Precautions are even more important during thundery weather. Why? What special precautions are required? In order to answer these questions we need to understand the nature of a thunderstorm.


So let’s see what a thunderstorm is, how it is formed, how it strikes and how you can protect yourself.


Thunder clouds 

A thunderstorm is a storm with lightning and thunder, heavy rain, gusty winds and sometimes hail. It occurs when the atmosphere is unstable. The air is warm and humid. Coupled with active cold fronts and sea breezes it rises to form cumulonimbus clouds with high vertical extent. These clouds, which may reach up to 12 km high, become highly electrically charged and are sometimes referred to as thunder clouds.


Electric discharges 

The rising air causes the charges to separate; the positive charges concentrate at the top and the negative charges at the base of the clouds. When these charges come into contact, as they certainly will with instability, they produce electrical discharges and huge sparks or thunderbolts. Lightning is visible and seconds after you can hear a rumbling sound, thunder. You see the lightning first because light travels faster than sound. The air temperature at the discharge point may reach about 27 000 oC.


Lightning and Thunder 

Lightning is an electric current, a bright flash of electricity produced by a thunderstorm. It is very dangerous and is known to kill more people than tornadoes.


Thunder is caused by lightning which expands the air while finding a path to the ground. When the light is gone the air collapses back creating a sound wave we hear as thunder.


Thunder occurs in our region usually during the period December through April, about three times in a month and 17 days per year. On rare occasions, like this week, thunderstorm occurs in May also. The winter season doesn’t favour the formation of thunder clouds.


Can you assess the distance of a thunderstorm? 

Sometimes there’s only lightning, no thunder. Why? Well, the answer is simple. The thunderstorm is far from the point where you are, too far to be heard by the human ear. Usually beyond 10 km you cannot hear thunder.


But if you hear thunder and you want to calculate its approximate distance (in km) just divide by three the time (in sec) elapsed between the moment you see lightning and the moment you hear thunder. (To find distance in miles, divide time by 5).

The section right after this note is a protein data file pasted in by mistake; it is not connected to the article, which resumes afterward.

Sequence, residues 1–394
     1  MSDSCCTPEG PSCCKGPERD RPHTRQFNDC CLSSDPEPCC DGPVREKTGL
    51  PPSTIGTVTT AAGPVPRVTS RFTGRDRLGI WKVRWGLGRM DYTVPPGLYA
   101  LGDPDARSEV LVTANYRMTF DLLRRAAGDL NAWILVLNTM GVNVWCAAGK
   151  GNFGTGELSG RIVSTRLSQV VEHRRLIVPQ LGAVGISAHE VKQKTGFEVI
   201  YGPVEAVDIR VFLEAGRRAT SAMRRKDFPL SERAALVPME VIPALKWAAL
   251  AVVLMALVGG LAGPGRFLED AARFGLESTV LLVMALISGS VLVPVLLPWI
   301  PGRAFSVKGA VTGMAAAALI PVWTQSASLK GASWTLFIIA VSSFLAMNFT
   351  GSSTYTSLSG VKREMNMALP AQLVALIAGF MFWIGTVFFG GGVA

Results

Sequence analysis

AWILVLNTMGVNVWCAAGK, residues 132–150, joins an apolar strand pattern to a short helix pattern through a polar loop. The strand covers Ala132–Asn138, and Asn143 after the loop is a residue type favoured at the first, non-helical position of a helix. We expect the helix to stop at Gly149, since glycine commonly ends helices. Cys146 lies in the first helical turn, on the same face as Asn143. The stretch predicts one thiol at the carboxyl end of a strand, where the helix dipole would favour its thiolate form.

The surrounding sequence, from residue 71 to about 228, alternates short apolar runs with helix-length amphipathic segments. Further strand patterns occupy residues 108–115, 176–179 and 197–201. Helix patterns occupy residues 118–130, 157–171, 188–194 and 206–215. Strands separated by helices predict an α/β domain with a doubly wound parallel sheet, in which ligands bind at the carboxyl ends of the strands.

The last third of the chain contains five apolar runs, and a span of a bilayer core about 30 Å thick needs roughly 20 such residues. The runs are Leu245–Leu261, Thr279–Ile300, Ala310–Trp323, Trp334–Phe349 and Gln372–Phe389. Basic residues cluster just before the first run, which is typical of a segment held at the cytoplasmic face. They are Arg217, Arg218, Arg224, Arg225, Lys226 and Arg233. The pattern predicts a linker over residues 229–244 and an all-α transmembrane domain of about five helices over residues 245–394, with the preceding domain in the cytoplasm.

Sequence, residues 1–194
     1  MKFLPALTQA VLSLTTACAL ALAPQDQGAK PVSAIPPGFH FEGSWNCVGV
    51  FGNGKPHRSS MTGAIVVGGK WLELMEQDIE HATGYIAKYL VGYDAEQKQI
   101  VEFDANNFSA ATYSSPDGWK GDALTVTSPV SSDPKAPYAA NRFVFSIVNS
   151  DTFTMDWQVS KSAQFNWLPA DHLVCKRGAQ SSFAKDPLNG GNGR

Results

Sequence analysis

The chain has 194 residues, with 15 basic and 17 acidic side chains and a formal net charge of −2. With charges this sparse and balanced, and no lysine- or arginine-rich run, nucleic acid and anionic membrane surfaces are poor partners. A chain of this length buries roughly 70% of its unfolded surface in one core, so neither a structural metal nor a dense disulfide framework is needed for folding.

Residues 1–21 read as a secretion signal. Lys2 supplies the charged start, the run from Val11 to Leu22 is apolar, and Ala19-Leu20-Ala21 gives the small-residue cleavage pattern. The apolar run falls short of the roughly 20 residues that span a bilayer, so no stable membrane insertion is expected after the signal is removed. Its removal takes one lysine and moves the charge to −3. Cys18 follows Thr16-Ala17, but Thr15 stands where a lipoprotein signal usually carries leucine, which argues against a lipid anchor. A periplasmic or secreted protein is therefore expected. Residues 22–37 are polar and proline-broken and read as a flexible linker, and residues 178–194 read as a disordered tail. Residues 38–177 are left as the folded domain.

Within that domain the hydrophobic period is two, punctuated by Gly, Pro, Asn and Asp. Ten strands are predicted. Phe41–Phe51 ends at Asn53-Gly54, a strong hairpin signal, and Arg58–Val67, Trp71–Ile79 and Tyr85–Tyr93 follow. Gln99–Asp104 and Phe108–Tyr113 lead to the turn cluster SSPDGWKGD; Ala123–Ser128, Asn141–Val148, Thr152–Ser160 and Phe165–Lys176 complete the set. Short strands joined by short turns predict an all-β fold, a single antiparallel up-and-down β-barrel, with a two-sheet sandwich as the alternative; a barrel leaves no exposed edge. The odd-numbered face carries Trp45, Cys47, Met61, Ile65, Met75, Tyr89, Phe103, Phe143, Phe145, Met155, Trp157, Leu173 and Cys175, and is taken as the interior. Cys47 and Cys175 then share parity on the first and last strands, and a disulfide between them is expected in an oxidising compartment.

And if you hear a deafening cracking sound almost momentarily after a lightning then it is most likely that the storm is overhead or very close to where you are. You need to be very vigilant.


Lightning targets 

Lightning takes the shortest path to the ground. Thus an object that is closer to the cumulonimbus cloud will be the prime target. Trees, mountain tops, high buildings, TV antennas, electric poles, masts, boats in the open sea and the highest point in a plain are all lightning targets. So the basic thing you can do is: stay away from these targets during a thunderstorm.


Protecting yourself 

A lightning strike actually kills and may cause damage to buildings and structures and may even trigger a fire. You’ll protect yourself if you follow simple rules as outlined hereunder:


  1. Be on the lookout for darkening skies, lightning and increasing winds. These are precursors of a thunderstorm. Pay heed to the weather forecasts. Don’t wait for the rain to begin.
  2. If you hear thunder, go to a safe place immediately
  3. If you are at sea, rush to the shore and find a shelter immediately
  4. If you are in an open area, crouch down; but don’t lay flat, minimize contact with the ground
  5. If you cannot find a shelter stay away from any tree, at least twice as far away from it as it is tall
  6.  If you are in a forest, seek shelter in a low area under small trees
  7. If you are on a mountain, climb down immediately
  8. If you are in a vehicle, stay inside. Don’t touch any metallic parts
  9. Do not take shower, wash hands, dishes or do laundry. Stay out of water as it is a good conductor of electricity.
  10. Disconnect all electrical appliances at home or in the office
  11. Don’t use the corded telephone. Mobile phone is safer.
  12. Stay off porches and away from doors and windows
  13. Protect your house or building by installing a lightning conductor or rod. It is a device that provides an easier path for current to flow to the earth than through your house or building. It is made of a vertical metal strip or rod, usually of copper or similar conductive material placed on the roof top and connected to the ground. This system was invented by Benjamin Franklin.

You can assume that the thunderstorm has ceased or moved away if you don’t observe lightning or thunder for at least 30 minutes. You can now resume your routine.


Five Rituals for a Healthier You

We always hear about keeping fit, healthy and adopting a healthy lifestyle. What does that mean? You’ll often come across people saying: “Oh, I eat well, work well, sleep well, and I have no disease; I’m a healthy person.


Well, the fact is despite these assertions a person may still be leading an unhealthy life. Have you heard of this: “I just met Mr. X; we had a good time together; he was OK; I can’t believe he’s passed away? Aren’t you joking?